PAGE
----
Has JetBlue Stock Really Reached a Bottom?

Stocks to sell

It’s a bit unusual for someone at the corporate level of a large-cap company to predict a stock’s low point during a crisis. That’s precisely what’s happening, however, in the case of JetBlue Airways (NASDAQ:JBLU) stock.

Has JBLU Stock Really Reached a Bottom?

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Calling stock-price bottoms is usually best left to qualified financial analysts (and, of course, InvestorPlace contributors). Undeterred, JetBlue President and COO Joanna Geraghty boldly predicted that JBLU stock has already bottomed out.

It is true that corporate insiders have special insight into their companies’ fiscal health. Still, it’s important to do our own due diligence before taking a stake in a company. With that in mind, we can examine the data and judge for ourselves whether JBLU stock’s low point is behind us or still in the future.

A Confident Call

The last thing we want to do is misquote the company’s president. Thus, here is Geraghty’s statement concerning the evident timing of JBLU stock’s bottoming process:

“Although the overall number of bookings remained extremely limited, we believe that we reached the bottom in terms of demand around mid-April, and expect to have a better sense of third and the fourth quarter of 2020 by early summer.”

This might constitute the most noncommittal bottom-calling statement this side of Jim Cramer. The JetBlue president left herself more than enough wiggle room to “clarify” her forecast in the future if JBLU stock collapses again.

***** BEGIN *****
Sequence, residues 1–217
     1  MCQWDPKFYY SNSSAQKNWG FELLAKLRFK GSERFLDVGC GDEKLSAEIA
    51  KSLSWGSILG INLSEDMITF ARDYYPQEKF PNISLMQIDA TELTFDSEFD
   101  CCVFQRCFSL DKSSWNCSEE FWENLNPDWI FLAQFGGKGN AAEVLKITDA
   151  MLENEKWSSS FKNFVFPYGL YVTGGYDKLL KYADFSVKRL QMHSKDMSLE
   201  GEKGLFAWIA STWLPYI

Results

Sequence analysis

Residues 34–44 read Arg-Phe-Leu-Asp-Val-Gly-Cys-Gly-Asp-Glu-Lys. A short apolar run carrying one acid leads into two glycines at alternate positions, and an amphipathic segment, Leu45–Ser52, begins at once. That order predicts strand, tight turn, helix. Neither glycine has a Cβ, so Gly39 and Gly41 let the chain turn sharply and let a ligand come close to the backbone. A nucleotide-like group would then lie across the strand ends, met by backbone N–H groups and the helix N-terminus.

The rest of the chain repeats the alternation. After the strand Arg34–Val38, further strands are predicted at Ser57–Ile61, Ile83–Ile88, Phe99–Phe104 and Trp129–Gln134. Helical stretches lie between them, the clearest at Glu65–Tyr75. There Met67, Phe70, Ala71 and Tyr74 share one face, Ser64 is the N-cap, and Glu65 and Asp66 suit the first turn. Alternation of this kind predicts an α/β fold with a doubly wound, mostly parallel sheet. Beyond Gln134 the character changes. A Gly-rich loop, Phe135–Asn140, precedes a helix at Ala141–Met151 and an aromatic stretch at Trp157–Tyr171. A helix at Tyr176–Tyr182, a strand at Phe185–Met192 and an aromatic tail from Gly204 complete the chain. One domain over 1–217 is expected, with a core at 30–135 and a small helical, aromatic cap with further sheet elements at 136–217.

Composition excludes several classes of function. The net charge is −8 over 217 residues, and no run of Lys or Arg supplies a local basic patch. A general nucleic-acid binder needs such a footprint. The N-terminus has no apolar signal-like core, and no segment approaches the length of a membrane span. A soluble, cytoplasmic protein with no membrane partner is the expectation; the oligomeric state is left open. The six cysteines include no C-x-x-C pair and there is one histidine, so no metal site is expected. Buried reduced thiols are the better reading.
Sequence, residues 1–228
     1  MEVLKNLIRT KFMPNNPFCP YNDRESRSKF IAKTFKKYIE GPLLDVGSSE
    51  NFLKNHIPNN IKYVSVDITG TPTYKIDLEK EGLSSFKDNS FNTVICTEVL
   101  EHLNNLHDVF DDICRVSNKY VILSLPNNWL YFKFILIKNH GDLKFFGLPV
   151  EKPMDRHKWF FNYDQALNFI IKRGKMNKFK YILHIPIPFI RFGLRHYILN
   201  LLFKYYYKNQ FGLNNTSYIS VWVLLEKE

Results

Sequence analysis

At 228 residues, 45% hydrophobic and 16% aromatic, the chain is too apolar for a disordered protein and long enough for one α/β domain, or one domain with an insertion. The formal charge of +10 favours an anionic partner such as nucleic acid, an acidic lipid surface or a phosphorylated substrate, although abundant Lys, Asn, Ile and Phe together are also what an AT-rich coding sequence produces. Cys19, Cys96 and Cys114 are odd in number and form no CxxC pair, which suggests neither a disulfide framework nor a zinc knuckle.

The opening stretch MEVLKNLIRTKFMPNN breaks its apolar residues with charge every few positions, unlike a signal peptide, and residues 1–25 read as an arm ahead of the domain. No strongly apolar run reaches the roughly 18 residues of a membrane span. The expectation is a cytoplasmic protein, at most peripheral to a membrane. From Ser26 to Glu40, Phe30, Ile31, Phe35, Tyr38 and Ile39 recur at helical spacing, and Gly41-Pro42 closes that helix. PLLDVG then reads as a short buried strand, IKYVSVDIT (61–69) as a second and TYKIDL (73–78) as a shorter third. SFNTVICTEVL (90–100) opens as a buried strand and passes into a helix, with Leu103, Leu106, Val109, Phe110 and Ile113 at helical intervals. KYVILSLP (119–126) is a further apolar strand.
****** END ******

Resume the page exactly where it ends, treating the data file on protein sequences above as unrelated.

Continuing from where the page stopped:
Nevertheless, it’s pretty bold for Geraghty to claim that the worst is over when a massive travel slump is still in effect. The novel coronavirus has shattered bottom-callers’ crystal balls across all sectors, air travel included.

Perhaps Geraghty is counting on a boost from the A220-300 model narrow-body jets provided by Airbus (OTCMKTS:EADSY). Assuming there are no last-minute changes, JetBlue is set to start taking delivery of the A220-300 planes later this year.

JetBlue CEO Robin Hayes certainly seems to think that these jets could facilitate the company’s recovery. “We all look at business travel, and we know it is going to take some time to come back … An airplane like the A220 could be really helpful for that,” asserted Hayes.

The logic here, presumably, is that an aircraft on the smaller side would be more appropriate as the demand for air travel has been so drastically reduced. There may be some merit to that argument, but smaller planes ultimately can’t solve the problem of decimated flight demand.

Looking Forward to Calamity

Speaking of reduced flight demand, JetBlue’s first-quarter earnings data reflected the reality of a world in which travel is restricted and planes are grounded.

Or to be more accurate, the first-quarter earnings results reflected only some of the fiscal damage. Keep in mind that shelter-in-place orders weren’t in full effect in the United States in January and part of February.

Therefore, it’s safe to say that the second quarter’s data will be worse than those of the just-reported first quarter. Even if Geraghty’s prediction turns out to be 100% accurate, the next earnings report should be downright calamitous.

Not that the first quarter was a beacon of hope, for that matter. The analyst community projected an adjusted quarterly per-share loss of 37 cents. Meanwhile, the actual result was a loss of 42 cents per share.

First-quarter revenues of $1.59 billion might not sound terrible. But again, that’s because the full brunt of the pandemic’s damage didn’t take place during that quarter. When the next earnings season rolls around, the tension and loathing will, undoubtedly, be palpable.

The Takeaway on JBLU Stock

Calling stock-price bottoms is a hit-or-miss endeavor, even when left to the experts. With the company having to issue a dismal earnings release in several months’ time, JBLU stock’s low point is very likely somewhere in the future.

David Moadel has provided compelling content – and crossed the occasional line – on behalf of Crush the Street, Market Realist, TalkMarkets, Finom Group, Benzinga, and (of course) InvestorPlace.com. He also serves as the chief analyst and market researcher for Portfolio Wealth Global and hosts the popular financial YouTube channel Looking at the Markets. 

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